Assemble-to-Order (ATO)

Assemble-to-Order (ATO) could be a production model where the ultimate goods are produced once the manufacturer receives the order from the purchasers. The components are already produced and stored at the location. This method is different from the build to order method where the manufacturer starts producing from scratch after the customer places his order. It’s advantageous for the customer as he gets the customized product briefly time and also the price for keeping the inventory reduces for the manufacturer.

ATO strategy is a hybrid between the make-to-stock strategy (MTS) and the make-to-order strategy (MTO). A make-to-stock strategy is one where products are fully produced ahead. the thought is to create a list that matches expected or anticipated consumer demand. This method would encompass setting a production level, build up inventory, so attempting to sell the maximum amount of assembled products as possible. It’s used mostly for high-volume goods, consumables, and items which will be bought in bulk or as one unit.

The make-to-order strategy involves ordering parts and assembling them based on the specific orders placed by customers and takes a longer time to deliver the final good to the customer.

Example: One well-known example of the ATO technique is the success of Dell Computers. The company allows the customers to choose among several processors, monitors, disk drives, etc. There can be numerous combinations of the components which a customer can choose. The producer keeps the stock of parts and assembles it once he receives the order from the customer and delivers the customized product in almost no time.

The ATO strategy attempts to mix the advantages of both make-to-order and make-to-stock getting products into customers’ hands quickly while with the merchandise to be adapted or altered in certain ways, as per customer request. In most cases, the time and costs related to building the merchandise from its components are minimal. However, the time and costs to create the components, which are usually ordered from a supplier, may be considerable.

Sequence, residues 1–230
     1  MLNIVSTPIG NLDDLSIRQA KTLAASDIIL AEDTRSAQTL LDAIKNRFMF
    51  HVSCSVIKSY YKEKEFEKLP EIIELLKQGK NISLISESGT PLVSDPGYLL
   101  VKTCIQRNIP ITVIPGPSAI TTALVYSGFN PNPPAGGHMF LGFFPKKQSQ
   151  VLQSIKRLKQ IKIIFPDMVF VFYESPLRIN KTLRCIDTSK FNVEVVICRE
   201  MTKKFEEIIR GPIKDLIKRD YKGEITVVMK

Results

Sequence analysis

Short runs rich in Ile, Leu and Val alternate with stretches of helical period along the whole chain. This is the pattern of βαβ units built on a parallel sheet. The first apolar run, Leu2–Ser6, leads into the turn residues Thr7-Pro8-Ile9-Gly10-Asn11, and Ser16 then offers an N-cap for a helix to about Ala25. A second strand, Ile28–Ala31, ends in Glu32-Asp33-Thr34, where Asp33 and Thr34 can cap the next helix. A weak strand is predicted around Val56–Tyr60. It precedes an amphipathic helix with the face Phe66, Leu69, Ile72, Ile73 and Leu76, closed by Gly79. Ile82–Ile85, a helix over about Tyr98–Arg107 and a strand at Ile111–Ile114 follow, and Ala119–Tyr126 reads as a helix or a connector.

Enabled by technology, advancements in production processes and inventory management systems have played a big part in making assemble-to-order strategies a reality. Add cheaper methods of shipping products, and the strategy been a boon for product customization opportunities.

Advantages of ATO:

  • Subparts can be replaced in the future once they become obsolete
  • Higher inventory turnover ratio, leading to low cost
  • The capability of producing the customized product
  • Quick delivery

Disadvantages of ATO:

  • Unreliability of forecasts
  • Management of sub-assembly parts
  • Dependence on the quality of the final assembly

Consider a multi-national company that sells customizable smoothies. In order to avoid stocking up on finished smoothies which will perish over time, the corporate uses an assemble-to-order (ATO) strategy whereby they top off on all the ingredients but assemble the finished product (i.e., smoothie) when the customer places an order. Companies like Body Energy Club (US) and Booster Juice (Canada) depend on such a business model.

 

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